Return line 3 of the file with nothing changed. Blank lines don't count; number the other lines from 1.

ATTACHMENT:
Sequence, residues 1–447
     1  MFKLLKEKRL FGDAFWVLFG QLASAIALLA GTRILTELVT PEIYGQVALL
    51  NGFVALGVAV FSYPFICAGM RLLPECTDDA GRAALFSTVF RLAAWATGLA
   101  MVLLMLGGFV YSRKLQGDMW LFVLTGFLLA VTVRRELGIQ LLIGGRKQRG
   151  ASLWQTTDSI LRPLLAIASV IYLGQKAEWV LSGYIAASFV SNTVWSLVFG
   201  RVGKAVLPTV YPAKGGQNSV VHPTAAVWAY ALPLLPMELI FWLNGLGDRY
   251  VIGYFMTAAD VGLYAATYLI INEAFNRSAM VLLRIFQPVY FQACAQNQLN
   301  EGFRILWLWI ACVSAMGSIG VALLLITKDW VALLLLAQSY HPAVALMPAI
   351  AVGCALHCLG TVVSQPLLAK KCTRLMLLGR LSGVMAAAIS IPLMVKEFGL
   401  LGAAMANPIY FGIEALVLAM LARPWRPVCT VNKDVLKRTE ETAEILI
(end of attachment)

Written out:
    51  NGFVALGVAV FSYPFICAGM RLLPECTDDA GRAALFSTVF RLAAWATGLA